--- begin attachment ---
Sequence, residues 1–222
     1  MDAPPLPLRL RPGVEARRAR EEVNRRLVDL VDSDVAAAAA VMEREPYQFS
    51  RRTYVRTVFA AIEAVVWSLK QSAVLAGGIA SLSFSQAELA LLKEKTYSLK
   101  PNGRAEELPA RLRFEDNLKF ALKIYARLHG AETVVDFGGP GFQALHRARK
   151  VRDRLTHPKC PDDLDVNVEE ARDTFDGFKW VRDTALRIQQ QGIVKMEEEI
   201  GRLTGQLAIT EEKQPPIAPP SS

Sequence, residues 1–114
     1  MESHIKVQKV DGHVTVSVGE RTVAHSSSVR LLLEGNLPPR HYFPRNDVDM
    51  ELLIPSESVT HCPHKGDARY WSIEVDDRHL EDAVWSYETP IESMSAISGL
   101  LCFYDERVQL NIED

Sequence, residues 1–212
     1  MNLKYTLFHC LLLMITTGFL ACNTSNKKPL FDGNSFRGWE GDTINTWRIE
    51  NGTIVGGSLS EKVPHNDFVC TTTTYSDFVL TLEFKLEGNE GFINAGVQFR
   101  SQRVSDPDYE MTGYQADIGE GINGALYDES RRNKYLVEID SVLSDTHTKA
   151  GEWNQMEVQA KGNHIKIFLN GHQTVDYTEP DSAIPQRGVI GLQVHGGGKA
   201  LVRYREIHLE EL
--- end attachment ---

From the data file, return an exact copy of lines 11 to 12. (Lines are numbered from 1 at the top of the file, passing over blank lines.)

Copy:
Sequence, residues 1–212
     1  MNLKYTLFHC LLLMITTGFL ACNTSNKKPL FDGNSFRGWE GDTINTWRIE